Wednesday, April 20, 2016

U IS FOR UPS (AND UBER!)

      The sixteenth century was the dividing line between the Dark Ages - haunted by the Black Plague, governed by superstition - and the Renaissance, when the world was reborn at what must have felt like lightning speed.  Science began to replace myth; the advent of printing spread new knowledge around the globe; the Protestant Reformation loosened the Catholic Church's iron grip on European society.  But transportation of people and goods remained virtually unchanged.  Horses, mules and ships provided the only ways to get from one place to another without having to walk.  Both land and sea routes were fraught with danger from thieves and pirates, who flourished pretty much unchallenged by law enforcement, and sea routes were also beset by storms, rocks, and other natural causes of shipwreck.  In short, things were a mess.
     Enter Francesco de Tasso of Lombardy (1459-1517), also known in Germany as Franz von Taxis and in France as Francois de Tassis.


     Members of the de Tasso family had been operating courier services in some of the Italian city-states since the very end of the 13th century, but things didn't really take off until 1490, when the German king (later Emperor) Maximilian commissioned Francesco, along with his brother and his nephew, to build postal and courier lines throughout the Holy Roman Empire.  They responded by setting up the first relay-style postal system (think Pony Express) with stations along the route for the couriers to change horses.  By 1505, de Tasso's system was operating in France and Spain as well.  He obtained a monopoly on carrying both government and private mail, thus creating the very first mail service to which the public could have access for a fee.  De Tasso employed as many of his own relatives as he could, and apparently they shared his work ethic, because the business flourished and was constantly expanding into new locations.  In 1512, Maximilian, now an emperor, granted the family a patent of nobility (hence the name VON Taxis).  They acquired a fancy coat of arms:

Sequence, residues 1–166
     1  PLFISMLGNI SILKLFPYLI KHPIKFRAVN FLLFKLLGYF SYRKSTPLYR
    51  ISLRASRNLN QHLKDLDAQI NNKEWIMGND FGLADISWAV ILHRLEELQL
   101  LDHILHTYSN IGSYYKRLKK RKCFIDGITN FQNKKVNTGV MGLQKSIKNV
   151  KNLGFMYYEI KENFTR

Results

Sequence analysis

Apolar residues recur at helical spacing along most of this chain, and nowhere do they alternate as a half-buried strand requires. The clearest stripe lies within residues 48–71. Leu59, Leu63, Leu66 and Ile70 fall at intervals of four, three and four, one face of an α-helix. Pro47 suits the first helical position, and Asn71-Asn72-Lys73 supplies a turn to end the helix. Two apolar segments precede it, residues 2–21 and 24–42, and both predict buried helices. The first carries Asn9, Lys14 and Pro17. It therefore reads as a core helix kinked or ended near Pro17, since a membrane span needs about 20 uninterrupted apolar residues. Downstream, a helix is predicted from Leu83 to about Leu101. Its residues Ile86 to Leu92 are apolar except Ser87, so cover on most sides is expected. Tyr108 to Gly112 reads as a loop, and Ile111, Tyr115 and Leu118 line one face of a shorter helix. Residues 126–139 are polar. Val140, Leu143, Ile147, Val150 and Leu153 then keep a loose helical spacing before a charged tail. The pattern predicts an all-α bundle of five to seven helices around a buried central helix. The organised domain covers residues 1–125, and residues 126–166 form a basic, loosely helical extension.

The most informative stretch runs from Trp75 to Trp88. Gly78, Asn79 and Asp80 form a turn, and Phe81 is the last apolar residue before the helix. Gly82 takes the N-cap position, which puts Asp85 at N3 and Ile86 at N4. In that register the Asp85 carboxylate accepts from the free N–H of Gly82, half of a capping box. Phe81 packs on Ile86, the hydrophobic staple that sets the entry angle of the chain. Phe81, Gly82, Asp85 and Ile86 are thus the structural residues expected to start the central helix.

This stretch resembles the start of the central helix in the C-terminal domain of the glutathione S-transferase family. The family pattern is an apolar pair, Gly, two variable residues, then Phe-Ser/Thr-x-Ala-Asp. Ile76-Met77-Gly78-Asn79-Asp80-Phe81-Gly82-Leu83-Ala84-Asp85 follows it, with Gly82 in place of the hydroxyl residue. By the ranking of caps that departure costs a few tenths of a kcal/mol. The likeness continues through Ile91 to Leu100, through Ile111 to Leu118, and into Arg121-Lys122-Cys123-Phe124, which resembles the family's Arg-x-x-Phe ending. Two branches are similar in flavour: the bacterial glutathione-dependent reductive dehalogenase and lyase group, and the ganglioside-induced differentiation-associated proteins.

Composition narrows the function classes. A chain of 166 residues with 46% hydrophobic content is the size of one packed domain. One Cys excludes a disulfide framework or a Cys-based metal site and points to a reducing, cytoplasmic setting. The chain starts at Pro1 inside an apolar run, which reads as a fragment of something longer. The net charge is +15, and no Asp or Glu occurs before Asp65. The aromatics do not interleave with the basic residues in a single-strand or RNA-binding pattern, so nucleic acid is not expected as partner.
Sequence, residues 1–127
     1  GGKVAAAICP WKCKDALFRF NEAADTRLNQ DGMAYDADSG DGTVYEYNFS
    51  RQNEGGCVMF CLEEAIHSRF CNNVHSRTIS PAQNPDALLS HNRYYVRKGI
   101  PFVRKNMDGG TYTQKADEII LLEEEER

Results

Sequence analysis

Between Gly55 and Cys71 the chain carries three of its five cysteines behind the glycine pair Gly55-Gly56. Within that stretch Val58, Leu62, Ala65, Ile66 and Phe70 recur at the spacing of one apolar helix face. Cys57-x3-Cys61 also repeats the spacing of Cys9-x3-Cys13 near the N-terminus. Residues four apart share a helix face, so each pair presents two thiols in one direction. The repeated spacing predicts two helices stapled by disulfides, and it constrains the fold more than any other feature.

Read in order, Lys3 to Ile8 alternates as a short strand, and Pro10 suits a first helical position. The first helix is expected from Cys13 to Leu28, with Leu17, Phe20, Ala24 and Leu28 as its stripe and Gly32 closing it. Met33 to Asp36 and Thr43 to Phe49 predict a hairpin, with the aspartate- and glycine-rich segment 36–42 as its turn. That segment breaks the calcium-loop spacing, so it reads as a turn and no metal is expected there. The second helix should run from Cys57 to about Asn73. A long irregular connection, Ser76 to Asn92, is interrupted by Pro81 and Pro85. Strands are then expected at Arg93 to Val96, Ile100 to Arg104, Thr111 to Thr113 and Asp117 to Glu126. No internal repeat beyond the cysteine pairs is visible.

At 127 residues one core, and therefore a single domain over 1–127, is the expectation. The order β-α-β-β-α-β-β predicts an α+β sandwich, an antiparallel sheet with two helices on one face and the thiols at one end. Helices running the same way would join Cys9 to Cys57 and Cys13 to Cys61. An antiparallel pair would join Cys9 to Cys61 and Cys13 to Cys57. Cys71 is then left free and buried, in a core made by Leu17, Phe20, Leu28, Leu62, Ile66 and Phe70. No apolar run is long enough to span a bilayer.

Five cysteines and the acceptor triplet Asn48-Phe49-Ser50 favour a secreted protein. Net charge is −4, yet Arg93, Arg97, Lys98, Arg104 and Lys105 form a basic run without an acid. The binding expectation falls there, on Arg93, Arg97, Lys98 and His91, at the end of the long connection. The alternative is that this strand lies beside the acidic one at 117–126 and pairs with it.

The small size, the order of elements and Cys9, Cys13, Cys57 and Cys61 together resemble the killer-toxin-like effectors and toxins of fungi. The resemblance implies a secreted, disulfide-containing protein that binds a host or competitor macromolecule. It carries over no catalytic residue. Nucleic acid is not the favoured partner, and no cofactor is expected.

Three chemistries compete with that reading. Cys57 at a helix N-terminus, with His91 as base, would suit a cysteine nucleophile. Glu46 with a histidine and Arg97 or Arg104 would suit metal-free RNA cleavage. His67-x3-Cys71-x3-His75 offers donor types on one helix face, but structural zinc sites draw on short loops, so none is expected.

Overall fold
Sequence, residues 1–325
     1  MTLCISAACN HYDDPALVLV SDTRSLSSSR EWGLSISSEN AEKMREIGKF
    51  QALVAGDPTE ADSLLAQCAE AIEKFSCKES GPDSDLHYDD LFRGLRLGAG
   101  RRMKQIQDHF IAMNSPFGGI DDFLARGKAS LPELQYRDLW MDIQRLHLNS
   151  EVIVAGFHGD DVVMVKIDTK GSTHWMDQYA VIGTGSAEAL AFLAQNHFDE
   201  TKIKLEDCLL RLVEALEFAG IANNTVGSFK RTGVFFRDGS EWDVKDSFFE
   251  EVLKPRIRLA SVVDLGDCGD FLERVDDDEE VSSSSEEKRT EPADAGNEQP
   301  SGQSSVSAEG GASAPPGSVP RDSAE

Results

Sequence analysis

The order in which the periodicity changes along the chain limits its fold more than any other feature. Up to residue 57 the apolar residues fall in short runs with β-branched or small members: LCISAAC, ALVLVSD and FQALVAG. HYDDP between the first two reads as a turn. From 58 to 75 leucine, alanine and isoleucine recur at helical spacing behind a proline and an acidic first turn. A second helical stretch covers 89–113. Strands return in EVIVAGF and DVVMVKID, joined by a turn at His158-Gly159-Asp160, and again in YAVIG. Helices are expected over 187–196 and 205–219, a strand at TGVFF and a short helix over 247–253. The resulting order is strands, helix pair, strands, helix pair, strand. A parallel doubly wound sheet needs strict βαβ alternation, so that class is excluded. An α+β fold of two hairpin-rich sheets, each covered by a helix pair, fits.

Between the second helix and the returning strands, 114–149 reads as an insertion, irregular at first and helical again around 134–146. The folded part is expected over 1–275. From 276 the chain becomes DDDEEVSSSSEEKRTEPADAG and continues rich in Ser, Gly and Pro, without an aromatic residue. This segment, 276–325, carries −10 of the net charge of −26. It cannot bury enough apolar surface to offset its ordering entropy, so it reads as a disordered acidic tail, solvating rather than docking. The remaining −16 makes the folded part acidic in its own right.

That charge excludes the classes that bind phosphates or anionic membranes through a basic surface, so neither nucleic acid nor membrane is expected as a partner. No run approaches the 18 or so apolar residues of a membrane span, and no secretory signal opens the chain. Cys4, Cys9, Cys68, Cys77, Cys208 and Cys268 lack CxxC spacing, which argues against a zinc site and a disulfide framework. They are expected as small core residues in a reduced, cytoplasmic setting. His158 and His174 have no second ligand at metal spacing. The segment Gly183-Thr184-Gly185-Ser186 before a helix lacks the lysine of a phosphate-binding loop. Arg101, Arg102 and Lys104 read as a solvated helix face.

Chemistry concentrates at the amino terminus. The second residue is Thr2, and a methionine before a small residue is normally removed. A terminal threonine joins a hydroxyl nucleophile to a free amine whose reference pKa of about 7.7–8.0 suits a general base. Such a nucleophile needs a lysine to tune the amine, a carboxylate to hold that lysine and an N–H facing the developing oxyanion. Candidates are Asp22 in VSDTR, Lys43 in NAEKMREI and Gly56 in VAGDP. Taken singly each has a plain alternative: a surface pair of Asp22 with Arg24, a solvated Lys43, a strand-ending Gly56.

Franz died in 1517, but as international trade increased throughout the 16th century, a dependable postal service became even more indispensable in almost every aspect of life.  Well into the 19th century branches of the von Taxis family continued to run both national and local postal services in Spain, Germany, Austria, Italy, Hungary, Belgium and the Netherlands, eventually employing up to 20,000 messengers at a time.



     The family also became incredibly wealthy along the way, as you might be able to tell from some glimpses of their humble homestead.






 
     No, these aren't photos of Buckingham Palace, although you could be forgiven for thinking so.  Not too shabby for a family of mailmen, am I right?

     And as to the Uber reference in my post title: the de Tasso/von Taxis family never did get involved in transporting passengers from place to place, but did you ever wonder where the word "taxi" came from?   Well, wonder no more!
  

8 comments:

  1. Excellent! Great use of the "U" challenge!

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    1. Thank you very much, Martha! I love learning all this stuff and being able to share it with people that enjoy it too!

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  2. that's a great post, thanks for sharing

    http://www.obliqview.blogspot.in

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  3. Thank you for being such a welcome visitor!

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  4. Okay, the minute i read his name I knew the etymology of taxi would have something to do with him :) That's two word origins I've come to know from your a-z posts today - zany and taxi. How cool is that?! Thank you.

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    1. I just saw a photo the other day in a magazine photo spread of the current Princess Von Thurn und Taxis. She was dressed outlandishly and apparently has made some racist public statements recently. Seems like she has way too much time and money on her hands.

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  5. Thank you for this excellent piece! Where did you find this map (I mean the postal rates, 1506-1517; there is no citation)?

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  6. Hello, Unknown! Thanks very much! Unfortunately I don't remember where I found the map of postal routes, but I didn't read any books while researching this post, so I have to have found it online somewhere. Hope that helps!

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